- Wrapping Paper: Most Bay Area agencies will take wrapping paper. The stuff you have to watch out for is stuff with multiple layers and or metallic elements. This stuff is often not accepted by recycling mills. Recycle Now suggests the "Scrunch Test" to determine if the paper can be recycled. If it scrunches into a ball when you squeeze, it can probably be recycled. If it pops back to its original shape after you scrunch it, it probably can't be. But different agencies have different rules though, so check with your own agency to be sure.
- Ribbons/Bows: Generally they cannot be recycled. Officials suggest that you reuse them when possible. If they can't be reused, then they need to go to the landfill. "It's a good idea to have a bag or a box somewhere in your house where you would store ribbon so you could re-use them," said Robert Reed, spokesperson for Recology.
- Christmas Lights: These are considered "Waste Electrical and Electronic Equipment" and should NOT be put into landfill. Same goes for batteries for all those toys. They can be recycled at a household waste recycling center. Some agencies also collect them or provide special bins at other sites (grocery stores). Check with your provider to see what's available. In San Francisco, Recology asks that residents wait to put their trees out for pickup until the first week in January on their regularly scheduled pickup day.
- Christmas Trees: Real trees can be composted. Fake and flocked trees (covered in fake snow) cannot be composted or recycled and will be disposed in the landfill. For both types of trees agencies usually have a special pick up window for when and how you can dispose of them.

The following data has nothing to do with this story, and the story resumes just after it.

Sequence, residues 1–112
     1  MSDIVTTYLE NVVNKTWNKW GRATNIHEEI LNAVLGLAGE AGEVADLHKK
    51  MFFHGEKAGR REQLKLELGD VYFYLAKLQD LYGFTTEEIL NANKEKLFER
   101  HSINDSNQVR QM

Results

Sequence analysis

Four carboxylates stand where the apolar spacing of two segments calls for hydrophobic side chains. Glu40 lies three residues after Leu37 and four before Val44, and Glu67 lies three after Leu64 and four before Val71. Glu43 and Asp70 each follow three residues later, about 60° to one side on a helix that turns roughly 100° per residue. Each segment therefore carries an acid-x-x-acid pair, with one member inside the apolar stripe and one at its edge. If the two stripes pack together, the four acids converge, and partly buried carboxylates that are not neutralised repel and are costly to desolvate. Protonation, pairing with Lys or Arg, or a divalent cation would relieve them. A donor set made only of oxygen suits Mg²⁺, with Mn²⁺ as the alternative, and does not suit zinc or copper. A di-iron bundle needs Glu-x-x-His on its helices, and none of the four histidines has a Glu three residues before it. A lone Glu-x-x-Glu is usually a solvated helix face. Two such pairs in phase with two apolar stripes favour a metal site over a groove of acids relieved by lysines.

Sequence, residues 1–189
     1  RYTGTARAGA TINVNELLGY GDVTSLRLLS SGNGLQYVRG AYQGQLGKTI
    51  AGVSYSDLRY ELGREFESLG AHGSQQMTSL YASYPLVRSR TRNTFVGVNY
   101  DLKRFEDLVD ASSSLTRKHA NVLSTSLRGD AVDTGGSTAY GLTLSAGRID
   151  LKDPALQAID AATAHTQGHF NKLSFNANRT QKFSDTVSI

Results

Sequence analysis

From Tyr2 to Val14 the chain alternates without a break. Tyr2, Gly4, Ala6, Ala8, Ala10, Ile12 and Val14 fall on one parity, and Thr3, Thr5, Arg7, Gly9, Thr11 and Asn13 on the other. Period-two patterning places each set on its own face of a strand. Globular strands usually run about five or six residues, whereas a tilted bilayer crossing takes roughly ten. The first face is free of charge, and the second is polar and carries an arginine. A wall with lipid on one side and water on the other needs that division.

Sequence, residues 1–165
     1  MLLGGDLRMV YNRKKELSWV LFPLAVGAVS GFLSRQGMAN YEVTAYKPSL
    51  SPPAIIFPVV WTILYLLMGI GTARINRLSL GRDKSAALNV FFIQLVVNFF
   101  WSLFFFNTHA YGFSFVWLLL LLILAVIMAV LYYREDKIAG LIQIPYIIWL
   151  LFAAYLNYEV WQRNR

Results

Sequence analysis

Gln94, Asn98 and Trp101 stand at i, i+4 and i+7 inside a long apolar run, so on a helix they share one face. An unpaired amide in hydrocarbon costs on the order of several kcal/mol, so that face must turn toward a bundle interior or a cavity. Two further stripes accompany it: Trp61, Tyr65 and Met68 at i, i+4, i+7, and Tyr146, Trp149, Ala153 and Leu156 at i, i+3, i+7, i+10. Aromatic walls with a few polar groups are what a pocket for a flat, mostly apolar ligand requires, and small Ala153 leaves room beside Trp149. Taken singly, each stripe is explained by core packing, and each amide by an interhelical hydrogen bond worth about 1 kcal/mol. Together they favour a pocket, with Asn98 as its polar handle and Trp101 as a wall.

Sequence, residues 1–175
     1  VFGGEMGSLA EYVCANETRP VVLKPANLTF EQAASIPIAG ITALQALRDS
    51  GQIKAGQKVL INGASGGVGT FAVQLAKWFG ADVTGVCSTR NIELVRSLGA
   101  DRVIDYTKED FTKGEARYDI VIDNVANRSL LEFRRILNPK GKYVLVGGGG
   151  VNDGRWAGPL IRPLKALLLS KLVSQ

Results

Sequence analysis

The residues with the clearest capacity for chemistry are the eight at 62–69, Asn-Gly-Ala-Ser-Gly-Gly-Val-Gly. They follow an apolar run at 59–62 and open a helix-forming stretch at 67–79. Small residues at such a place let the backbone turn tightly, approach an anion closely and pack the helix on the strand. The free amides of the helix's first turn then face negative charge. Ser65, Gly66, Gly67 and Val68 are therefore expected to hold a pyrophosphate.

- Decorations (Tinsel, ornaments, wreaths): If it's natural (wreaths, holly, etc) if can be composted. Glass and plastic ornaments are generally NOT recyclable because of the materials that they are made of and should be put in the landfill bucket. Tinsel cannot be recycled. Unwanted decorations in good condition can also be donated to charity shops.
- Christmas Cards: Most are paper based and can be recycled along with their envelopes.
- Cardboard boxes: All those online purchases can lead to a lot of cardboard boxes filling up bins. While cardboard is an excellent material to recycle, it is important to break down those boxes. If you don't, they take up a lot of space in the bins and in the trucks. Grab scissors or a knife and break down boxes until they lie flat.
There are some other general holiday recycling tips:
- Reuse everything you can: Gift bags are the easiest to reuse. Pair that with some decorative tissue and wrapping paper that hasn't been torn up. The great thing about reusing stuff is that it also saves you money next year (because you don't have to buy more!).
- Recycle all paper and carboard: Recology says these two materials make up 80% of what's in recycling bins. This includes tissue paper. Paper comes from trees and we need trees more now than ever before. So please place all holiday paper, tissue wrap, and cardboard in your recycling bin.
- Break down boxes: It saves you room in your recycling bin so you can fit more in there.
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- Make sure to empty all beverage containers: This makes sure that liquid doesn't spoil paper in recycling bins. Officials suggest you turn over every beverage container to make sure liquid is out.
- Compost all food scraps: The holidays generate tons (literally) of food scraps. If you don't want to do it yourself at home, you can send the scraps back to local farms by participating in a curbside composting collection program.
For further recycling guidance where you live visit ABC7's Recycling Resources Page